Tina Riches said:

“The commitment of agents to help their clients comply with the new rules is commendable, and we are pleased to see that this has already been recognised by HMRC.3 But this level of costs borne by agents is both unacceptable and unsustainable. A truncated pilot, issues with the Agent Services Account, and dealing with large numbers of teething problems are key contributors to this, as well as limits to the support that clients are willing and able to pay for.”

If the Government decides to roll out MTD beyond its existing scope, 49 per cent of respondents who expressed a view thought that the next step should be to extend MTD for VAT to voluntarily VAT-registered businesses, with 40 per cent considering MTD should next be extended to corporation tax for businesses who are already in the scope of MTD for VAT. A total of 74 per cent of respondents thought that income tax for non-VAT registered individuals was the last area that should be brought into MTD. April 20254 was also the most popular date from which any further compulsory extension of MTD should take effect, and a minimum two-year pilot was preferred.

Tina Riches said:

“It is no surprise that mandating MTD for income tax next is the least favoured option. As we anticipated, the roll out of MTD for VAT has proven more difficult than the Government expected. MTD for income tax would encompass a significantly greater number of taxpayers, many of whom will be less digitally capable than VAT registered businesses, and would be much more complex. Taxpayers will require significant training and ongoing support, and we are concerned that their agents, the tax charities and HMRC, simply will not be able to cope.”

Notes for editors

https://www.gov.uk/government/publications/making-tax-digital/overview-of-making-tax-digital

Percentages are calculated based on the number of responses to that particular question, after removing any ‘don’t know / not applicable’ responses.

https://www.tax.org.uk/policy-and-technical/making-tax-digital/hmrc-government-documents/making-tax-digital-vat-service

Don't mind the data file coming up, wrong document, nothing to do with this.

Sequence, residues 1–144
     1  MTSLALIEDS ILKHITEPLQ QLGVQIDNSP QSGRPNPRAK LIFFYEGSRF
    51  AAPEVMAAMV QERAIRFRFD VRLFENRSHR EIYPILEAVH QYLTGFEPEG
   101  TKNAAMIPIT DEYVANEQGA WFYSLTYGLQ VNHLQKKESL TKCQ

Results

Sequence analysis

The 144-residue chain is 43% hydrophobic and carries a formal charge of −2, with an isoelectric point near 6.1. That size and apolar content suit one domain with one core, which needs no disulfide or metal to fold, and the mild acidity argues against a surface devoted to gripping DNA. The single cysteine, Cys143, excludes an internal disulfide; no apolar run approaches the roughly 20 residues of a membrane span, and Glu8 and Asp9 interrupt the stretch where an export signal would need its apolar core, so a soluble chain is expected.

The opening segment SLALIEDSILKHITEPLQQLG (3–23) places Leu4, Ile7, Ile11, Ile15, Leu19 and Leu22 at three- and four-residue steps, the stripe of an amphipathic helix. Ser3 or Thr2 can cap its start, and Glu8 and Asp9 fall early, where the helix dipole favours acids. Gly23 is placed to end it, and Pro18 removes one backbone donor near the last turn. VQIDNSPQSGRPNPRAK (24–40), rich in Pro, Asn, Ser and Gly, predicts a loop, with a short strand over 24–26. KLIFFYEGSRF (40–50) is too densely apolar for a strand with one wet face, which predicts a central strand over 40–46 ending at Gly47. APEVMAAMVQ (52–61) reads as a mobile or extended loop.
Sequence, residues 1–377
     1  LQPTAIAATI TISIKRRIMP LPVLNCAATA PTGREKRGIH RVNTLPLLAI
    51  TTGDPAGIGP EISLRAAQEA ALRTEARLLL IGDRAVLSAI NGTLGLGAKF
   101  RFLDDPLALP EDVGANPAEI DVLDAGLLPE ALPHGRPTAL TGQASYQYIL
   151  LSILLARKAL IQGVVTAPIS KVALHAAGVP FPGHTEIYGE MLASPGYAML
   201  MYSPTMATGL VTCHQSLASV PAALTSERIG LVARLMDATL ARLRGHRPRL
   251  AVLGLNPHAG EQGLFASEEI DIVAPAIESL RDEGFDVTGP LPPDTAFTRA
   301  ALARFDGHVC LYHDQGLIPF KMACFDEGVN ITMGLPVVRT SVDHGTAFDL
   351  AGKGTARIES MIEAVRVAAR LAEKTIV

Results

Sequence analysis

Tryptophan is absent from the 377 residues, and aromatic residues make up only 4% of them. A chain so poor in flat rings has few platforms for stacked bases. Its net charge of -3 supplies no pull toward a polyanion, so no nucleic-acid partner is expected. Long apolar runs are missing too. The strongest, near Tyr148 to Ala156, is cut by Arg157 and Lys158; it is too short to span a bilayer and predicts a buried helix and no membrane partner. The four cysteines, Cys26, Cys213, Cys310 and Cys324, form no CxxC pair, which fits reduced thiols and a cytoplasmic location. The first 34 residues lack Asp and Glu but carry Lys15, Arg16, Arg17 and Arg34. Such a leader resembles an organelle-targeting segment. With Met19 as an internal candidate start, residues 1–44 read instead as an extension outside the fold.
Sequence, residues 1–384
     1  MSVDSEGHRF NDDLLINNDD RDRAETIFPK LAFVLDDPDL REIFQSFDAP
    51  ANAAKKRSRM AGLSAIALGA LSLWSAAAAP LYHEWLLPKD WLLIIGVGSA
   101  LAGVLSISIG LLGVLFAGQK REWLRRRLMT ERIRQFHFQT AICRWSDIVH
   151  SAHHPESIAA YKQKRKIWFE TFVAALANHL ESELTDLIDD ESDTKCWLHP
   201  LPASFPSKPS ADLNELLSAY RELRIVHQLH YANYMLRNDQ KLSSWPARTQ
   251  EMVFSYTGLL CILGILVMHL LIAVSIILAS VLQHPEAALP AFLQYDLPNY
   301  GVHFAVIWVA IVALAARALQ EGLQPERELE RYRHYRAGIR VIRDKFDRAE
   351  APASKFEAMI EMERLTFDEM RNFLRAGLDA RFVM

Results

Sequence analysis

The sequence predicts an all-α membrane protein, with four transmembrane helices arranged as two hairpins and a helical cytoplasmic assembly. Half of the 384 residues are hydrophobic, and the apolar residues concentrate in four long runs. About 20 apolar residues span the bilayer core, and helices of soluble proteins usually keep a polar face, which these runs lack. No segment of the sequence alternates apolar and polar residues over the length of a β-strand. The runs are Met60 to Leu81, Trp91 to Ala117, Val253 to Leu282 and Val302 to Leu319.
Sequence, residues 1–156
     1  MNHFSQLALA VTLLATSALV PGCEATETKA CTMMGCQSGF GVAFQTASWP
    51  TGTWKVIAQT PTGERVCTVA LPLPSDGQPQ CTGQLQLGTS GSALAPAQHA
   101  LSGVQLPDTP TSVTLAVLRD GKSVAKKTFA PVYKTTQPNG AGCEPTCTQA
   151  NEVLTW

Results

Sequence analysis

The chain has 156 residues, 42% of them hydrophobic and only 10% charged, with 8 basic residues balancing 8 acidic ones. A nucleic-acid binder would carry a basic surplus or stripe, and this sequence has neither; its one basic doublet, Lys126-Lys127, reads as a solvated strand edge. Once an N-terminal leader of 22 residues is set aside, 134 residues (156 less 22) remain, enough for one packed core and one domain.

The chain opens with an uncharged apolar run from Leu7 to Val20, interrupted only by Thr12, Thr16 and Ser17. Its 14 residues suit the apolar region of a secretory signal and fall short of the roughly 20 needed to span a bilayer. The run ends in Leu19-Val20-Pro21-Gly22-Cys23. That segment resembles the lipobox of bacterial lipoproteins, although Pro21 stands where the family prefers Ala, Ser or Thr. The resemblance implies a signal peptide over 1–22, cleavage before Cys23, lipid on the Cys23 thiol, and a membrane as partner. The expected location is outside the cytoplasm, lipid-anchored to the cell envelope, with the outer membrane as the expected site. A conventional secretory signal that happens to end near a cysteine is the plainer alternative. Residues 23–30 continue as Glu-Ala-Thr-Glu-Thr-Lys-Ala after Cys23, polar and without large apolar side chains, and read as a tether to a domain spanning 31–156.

Note that this was the latest date provided for in the survey, and so some respondents may have chosen a later date if one had been provided.

The survey results are on both the CIOT website and ATT website.

The Chartered Institute of Taxation (CIOT)

The CIOT is the leading professional body in the United Kingdom concerned solely with taxation. The CIOT is an educational charity, promoting education and study of the administration and practice of taxation. One of our key aims is to work for a better, more efficient, tax system for all affected by it – taxpayers, their advisers and the authorities. The CIOT’s work covers all aspects of taxation, including direct and indirect taxes and duties. Through our Low Incomes Tax Reform Group (LITRG), the CIOT has a particular focus on improving the tax system, including tax credits and benefits, for the unrepresented taxpayer.

The CIOT draws on our members’ experience in private practice, commerce and industry, government and academia to improve tax administration and propose and explain how tax policy objectives can most effectively be achieved. We also link to, and draw on, similar leading professional tax bodies in other countries. The CIOT’s comments and recommendations on tax issues are made in line with our charitable objectives: we are politically neutral in our work.

The CIOT’s 19,000 members have the practising title of ‘Chartered Tax Adviser’ and the designatory letters ‘CTA’, to represent the leading tax qualification.

The Association of Taxation Technicians

The Association is a charity and the leading professional body for those providing UK tax compliance services. Our primary charitable objective is to promote education and the study of tax administration and practice. One of our key aims is to provide an appropriate qualification for individuals who undertake tax compliance work. Drawing on our members' practical experience and knowledge, we contribute to consultations on the development of the UK tax system and seek to ensure that, for the general public, it is workable and as fair as possible.

Our members are qualified by examination and practical experience. They commit to the highest standards of professional conduct and ensure that their tax knowledge is constantly kept up to date. Members may be found in private practice, commerce and industry, government and academia.

The Association has over 9000 members and Fellows together with over 5,000 students. Members and Fellows use the practising title of 'Taxation Technician' or ‘Taxation Technician (Fellow)’ and the designatory letters 'ATT' and 'ATT (Fellow)' respectively.

Contact: Hamant Verma, External Relations Officer, 0207 340 2702 HVerma@ciot.org.uk

Out of hours contact: George Crozier, 07740 477 374)

More Articles by Chartered Institute of Taxation (CIOT) ...